Surya Kasibhatla made his acting debut with Suresh Triveni’s Jalsa. “I’ve wanted to become an actor from the age of four,” he tells Silverscreen India over e-mail, adding that he hails from a family that loves to watch movies.
But prior to Jalsa, Kasibhatla had not even got the opportunity to audition for a film, let alone the chance to act in one.
Jalsa follows the downfall of Maya Menon (Vidya Balan), a well-respected journalist, after an accident. The film also features Shefali Shah as Ruksana Mohammad, Maya’s cook and caretaker to Maya’s son Ayush, and Rohini Hattangadi in another pivotal role.
Kasibhatla, who has cerebral palsy, played Ayush, who has the same condition in the film. His casting sets Jalsa apart since it is one of the rare examples of an actor with a disability being brought on board to play a character with the disability.
“The casting team had put out a message about this opportunity and my physio-therapists from India forwarded this message to my mother. The casting team of Jalsa and the director identified me as the best fit for the role after a virtual audition,” he says.
“First of all, I was very excited when I got an opportunity to audition. I just wanted to give my best in the audition, and I did. And when I got selected, it was a no-brainer,” he adds.
Kasibhatla says he resonated with Ayush’s character due to the latter’s love for food and cricket, and “because he is someone who is affectionate and stands up for what he thinks is right.”
The highlight, though, was working with Vidya Balan.
“Who would want to miss an opportunity to play Vidya Balan’s son?” Kasibhatla says, adding that he has grown up watching the actor’s films.
Kasibhatla remembers receiving a welcome note from Balan after his arrival in Mumbai, and says that he was awestruck when he met her for the first time.
“It took me a second to believe that it was not a dream. I couldn’t say a word. But she broke the ice by asking if she could hug me and that made me feel comfortable. And she spent time understanding what I like to do, what I love to eat, etc. The conversation was so casual that within minutes, I started to feel at home. She is a very warm and kind person,” he says.
Although his introduction to Shah was only through one episode of the International Emmy Award-winning series Delhi Crime, Kasibhatla says he felt close to her instantly. “I love the way she acts with her eyes. When I met her for the first time, she spent a lot of time talking to me. She appreciated the poems I wrote.”
Preparations for his role and improvisations on set
Workshops and readings with Balan, Shah, and Hattangadi were part of the preparation process for Kasibhatla.
Prior to the commencement of the film’s shooting, Kasibhatla travelled to Mumbai along with his mother, for a couple of months. He attended workshops that were headed by a coach along with director Triveni.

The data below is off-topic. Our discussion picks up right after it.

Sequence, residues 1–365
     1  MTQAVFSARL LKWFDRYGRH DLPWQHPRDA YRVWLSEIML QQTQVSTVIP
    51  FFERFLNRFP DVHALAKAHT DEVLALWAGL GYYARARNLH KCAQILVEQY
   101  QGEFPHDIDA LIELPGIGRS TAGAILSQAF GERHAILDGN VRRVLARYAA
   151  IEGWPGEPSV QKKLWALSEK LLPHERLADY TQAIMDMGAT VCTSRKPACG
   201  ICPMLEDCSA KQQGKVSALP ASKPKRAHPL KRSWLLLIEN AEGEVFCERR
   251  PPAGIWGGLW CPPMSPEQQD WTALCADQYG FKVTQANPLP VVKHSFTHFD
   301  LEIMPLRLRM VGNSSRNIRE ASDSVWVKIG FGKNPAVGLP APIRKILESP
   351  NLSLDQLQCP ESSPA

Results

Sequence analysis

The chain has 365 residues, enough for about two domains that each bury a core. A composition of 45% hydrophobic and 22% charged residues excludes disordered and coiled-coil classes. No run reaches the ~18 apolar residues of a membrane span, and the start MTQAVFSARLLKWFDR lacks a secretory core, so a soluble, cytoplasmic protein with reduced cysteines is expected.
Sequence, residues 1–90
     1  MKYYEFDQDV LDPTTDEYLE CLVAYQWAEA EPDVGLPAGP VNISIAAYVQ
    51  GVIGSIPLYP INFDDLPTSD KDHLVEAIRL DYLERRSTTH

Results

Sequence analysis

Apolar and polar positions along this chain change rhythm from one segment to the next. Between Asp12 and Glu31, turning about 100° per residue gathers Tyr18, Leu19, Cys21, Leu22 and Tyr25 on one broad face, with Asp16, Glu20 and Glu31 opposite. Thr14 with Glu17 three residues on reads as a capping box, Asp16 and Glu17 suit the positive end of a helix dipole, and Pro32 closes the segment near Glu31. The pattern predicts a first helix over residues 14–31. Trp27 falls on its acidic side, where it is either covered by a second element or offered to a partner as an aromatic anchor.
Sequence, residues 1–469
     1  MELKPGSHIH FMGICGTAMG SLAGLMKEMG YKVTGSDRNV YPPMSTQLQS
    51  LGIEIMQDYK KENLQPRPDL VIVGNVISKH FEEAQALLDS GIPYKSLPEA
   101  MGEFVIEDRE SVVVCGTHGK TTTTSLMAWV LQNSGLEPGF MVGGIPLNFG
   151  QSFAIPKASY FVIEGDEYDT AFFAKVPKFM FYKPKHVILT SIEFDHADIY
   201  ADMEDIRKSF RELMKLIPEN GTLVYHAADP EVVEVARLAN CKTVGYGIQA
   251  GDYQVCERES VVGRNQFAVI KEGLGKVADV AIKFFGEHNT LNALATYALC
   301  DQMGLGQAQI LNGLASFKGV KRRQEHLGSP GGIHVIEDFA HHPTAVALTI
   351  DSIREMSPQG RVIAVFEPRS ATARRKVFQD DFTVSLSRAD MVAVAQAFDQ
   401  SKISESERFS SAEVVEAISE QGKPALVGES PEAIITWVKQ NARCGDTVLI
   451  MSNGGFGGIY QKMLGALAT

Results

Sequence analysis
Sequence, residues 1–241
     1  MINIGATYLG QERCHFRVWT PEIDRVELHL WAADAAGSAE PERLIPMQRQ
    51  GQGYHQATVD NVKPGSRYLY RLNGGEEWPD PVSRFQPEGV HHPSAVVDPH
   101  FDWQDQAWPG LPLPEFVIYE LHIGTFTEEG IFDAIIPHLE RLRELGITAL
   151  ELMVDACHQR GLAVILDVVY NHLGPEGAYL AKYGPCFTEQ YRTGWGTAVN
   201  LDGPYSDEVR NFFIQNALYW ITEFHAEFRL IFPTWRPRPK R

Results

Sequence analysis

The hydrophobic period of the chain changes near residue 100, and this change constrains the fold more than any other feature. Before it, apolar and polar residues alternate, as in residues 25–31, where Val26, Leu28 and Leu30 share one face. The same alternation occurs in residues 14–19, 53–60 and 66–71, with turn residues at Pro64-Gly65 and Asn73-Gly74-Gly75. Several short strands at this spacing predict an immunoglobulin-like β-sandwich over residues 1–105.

“I learned how to correlate music with emotion, how to imagine a situation and react accordingly and how to use different levels of tone to emphasise an emotion, etc. Vidya ma’am was also a part of some of my workshops. We did impromptu scenes and I learned how to give the most natural reaction to any dialogue. We also did trust exercises, played a few games, and these helped me build a rapport with her.”
Kasibhatla adds that Triveni was very supportive and credits this, in part, to the director being previously acquainted with someone with cerebral palsy. “Suresh sir asked me to read out the dialogues and he changed a few of them to make it easy for me. He also answered any questions I had regarding my character and my dialogues. Sometimes, when I wanted to add small nuances, he gave me the freedom to do it.”
Kasibhatla made some contributions to the character’s development as well, while shooting. “I tried to imagine how Ayush would behave in a certain situation. And during the shoot, if I felt I could do better, I used to ask Suresh sir for one more take. I also tried to bring in improvisations with small expressions.”
Plans for the future and the need for inclusive writing
Currently, Kasibhatla is basking in the success of Jalsa. He wishes to act in more films, especially ones that are positive and inspiring.
“Cerebral Palsy is just a condition. Actors with cerebral palsy can do whatever others can in their own capacity; they might just need some accommodations. I would love to act in roles that allow me to explore different emotions and bring out the best of my acting abilities,” he says.
The film industry, in general, rarely encourages actors with disabilities. However, this year has been heartening in that regard thanks to the recent Best Picture Oscar for CODA (Children of Deaf Adults) and Best Supporting Actor win for Troy Kotsur, the first male deaf actor to win an Academy Award.
But back home in India, aside from rare exceptions like Jalsa, Ahaan and Thirike, most films tend to have actors who are not from the disabled community playing characters with a disability. Some prominent examples include Kalki Koechlin playing the role of a student with cerebral palsy in Margarita With a Straw, Priyanka Chopra essaying the role of an autistic Jhilmil in Barfi, and Shahrukh Khan as the autistic Muslim man Rizwan Khan in My Name Is Khan.
Kasibhatla feels this must change. “Honestly, the mindset needs to change to bring inclusivity natively to the stories. Since writing is based on observation and creativity, writers should put those skills fully to use in understanding and representing the differently-abled community better,” he says.
Jalsa is currently streaming on Amazon Prime Video.